One side story that developed over the course of the Proposition 8 trial was how Courage Campaign -- the grassroots, Los Angeles-based political organization -- seemed to out-hustle gay rights behemoth Equality California.
This thought popped into our heads on Wednesday, when Courage Campaign founder Rick Jacobs announced that the group's live-blogging site dedicated to covering the Prop. 8 trial in San Francisco attracted 1.4 million views.
That's a darn big number, especially for a weeks-old Web site.
Jacobs and his colleagues blogged daily from inside the courtroom, which was a response to a U.S. Supreme Court ruling that blocked a delayed video feed from coming out of San Francisco.
Prop. 8 Trial Tracker, as a result, received an enormous amount of attention from assorted journalists and bloggers, engaged the public and generated tons of comments from them, spread the word around the world about what the lawyers and witnesses were saying about gay marriage, gay parenting, homophobia, and a host of other issues, and helped to inspire L.A. filmmaker John Ireland to produce video reenactments of the trial.
Equality California, on the other hand, couldn't claim such accomplishments, even though it's considered by the mainstream media as the powerhouse gay rights organization in California and a major player in the national gay rights movement.
Looking back on it, the differences between the two organizations first became apparent when U.S. District Judge Vaughn Walker and then the U.S. Supreme Court were considering whether or not to allow a delayed video feed of the Prop. 8 trial proceedings.
The legal struggle developed somewhat suddenly, and things were moving fast. But Courage Campaign quickly circulated an online petition to push for allowing the feed, with nearly 140,000 people signing on.
A majority of the U.S. Supreme Court justices ruled against the video feed, but Justice Stephen Breyer cited Courage Campaign's petition in his dissent opinion as evidence that people should be allowed to see what's happening inside the courtroom. That's no small contribution made by the scrappy, grassroots group.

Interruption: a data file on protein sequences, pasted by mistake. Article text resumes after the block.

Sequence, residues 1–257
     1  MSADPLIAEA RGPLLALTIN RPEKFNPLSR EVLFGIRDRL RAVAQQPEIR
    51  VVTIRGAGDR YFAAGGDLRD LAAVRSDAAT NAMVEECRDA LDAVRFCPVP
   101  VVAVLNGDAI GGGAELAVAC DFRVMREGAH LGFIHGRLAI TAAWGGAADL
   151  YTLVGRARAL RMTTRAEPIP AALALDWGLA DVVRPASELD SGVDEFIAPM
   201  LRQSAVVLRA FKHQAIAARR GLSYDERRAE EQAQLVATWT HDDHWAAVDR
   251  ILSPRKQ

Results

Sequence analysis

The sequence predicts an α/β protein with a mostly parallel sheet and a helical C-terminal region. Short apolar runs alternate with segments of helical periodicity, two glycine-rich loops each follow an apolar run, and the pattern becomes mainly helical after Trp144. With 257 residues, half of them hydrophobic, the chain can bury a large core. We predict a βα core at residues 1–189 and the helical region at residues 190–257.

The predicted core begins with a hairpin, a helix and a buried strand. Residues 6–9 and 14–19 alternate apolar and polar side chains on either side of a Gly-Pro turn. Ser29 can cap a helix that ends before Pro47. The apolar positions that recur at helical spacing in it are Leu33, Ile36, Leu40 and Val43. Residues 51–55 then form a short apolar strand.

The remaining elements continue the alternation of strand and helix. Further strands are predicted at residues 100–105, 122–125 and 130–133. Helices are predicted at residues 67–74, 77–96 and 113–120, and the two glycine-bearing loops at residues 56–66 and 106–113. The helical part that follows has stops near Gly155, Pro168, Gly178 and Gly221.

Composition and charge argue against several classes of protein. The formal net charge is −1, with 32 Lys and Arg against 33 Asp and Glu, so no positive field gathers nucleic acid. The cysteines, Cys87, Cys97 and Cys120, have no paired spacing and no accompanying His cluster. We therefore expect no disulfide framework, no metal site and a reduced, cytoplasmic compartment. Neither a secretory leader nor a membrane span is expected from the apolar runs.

Equality California, in the meantime, was caught flat-footed -- they were largely uninvolved in the fast-paced battle.
EQCA, led by executive director Geoff Kors, seemed to know it missed an important fight, and subsequently came up with its own petition to pressure the Obama administration to file a brief in support of the Prop. 8 plaintiffs, who want to overturn California's gay marriage ban.
It was an awkward effort that seemed wishful and not very serious -- Obama, who's dealing with his own political problems, has absolutely no intention of coming out in favor of same sex marriage. Civil unions, yes. Marriage, no.
As for engaging and educating the public -- things that Equality California always says must be done if the gay community wants to win full equality -- the Equality California Web site is not impressive.
Which is strange.
The Prop. 8 trial was probably the best education opportunity for the gay community to reach out to the rest of the world in decades, and EQCA came up with very uninspired content.
There's daily legal commentary, which first appeared as an "exclusive" on the gay blog Pam's House Blend, and a number of links to press reports from such newspapers as The New York Times and Los Angeles Times, but virtually all of that coverage pre-dates the actual trial. Overall, compared to Courage Campaign's effort, Equality California's offerings are slim.
Both Courage Campaign and Equality California are now spearheading the movement for a pro-gay marriage ballot measure in 2012.
We can't help but think that their approaches to the "historic" Prop. 8 trial may also be a revealing look into how each organization would handle another gay marriage campaign.
Courage Campaign got involved in three court battles -- the video feed, the Prop. 8 trial itself, and a legal tussle with the anti-gay marriage group ProtectMarriage.com for parodying its logo (Courage Campaign won) -- reached out to the gay community, informed the larger public, and
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basically hit the streets every day by always showing up in the courtroom.
Equality California was, to put it politely, less engaged.
An important cautionary tale for pro-gay marriage supporters who may have to go back to the ballot box in 2012? We think so.
Contact Patrick Range McDonald at email@example.com.